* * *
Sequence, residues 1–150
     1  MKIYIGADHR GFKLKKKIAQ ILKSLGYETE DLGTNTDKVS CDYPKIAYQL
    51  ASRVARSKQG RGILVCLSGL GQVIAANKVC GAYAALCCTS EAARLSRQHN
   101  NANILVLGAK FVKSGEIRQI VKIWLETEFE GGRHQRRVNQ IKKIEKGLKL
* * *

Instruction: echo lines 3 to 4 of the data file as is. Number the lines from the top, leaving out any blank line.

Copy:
    51  ASRVARSKQG RGILVCLSGL GQVIAANKVC GAYAALCCTS EAARLSRQHN
   101  NANILVLGAK FVKSGEIRQI VKIWLETEFE GGRHQRRVNQ IKKIEKGLKL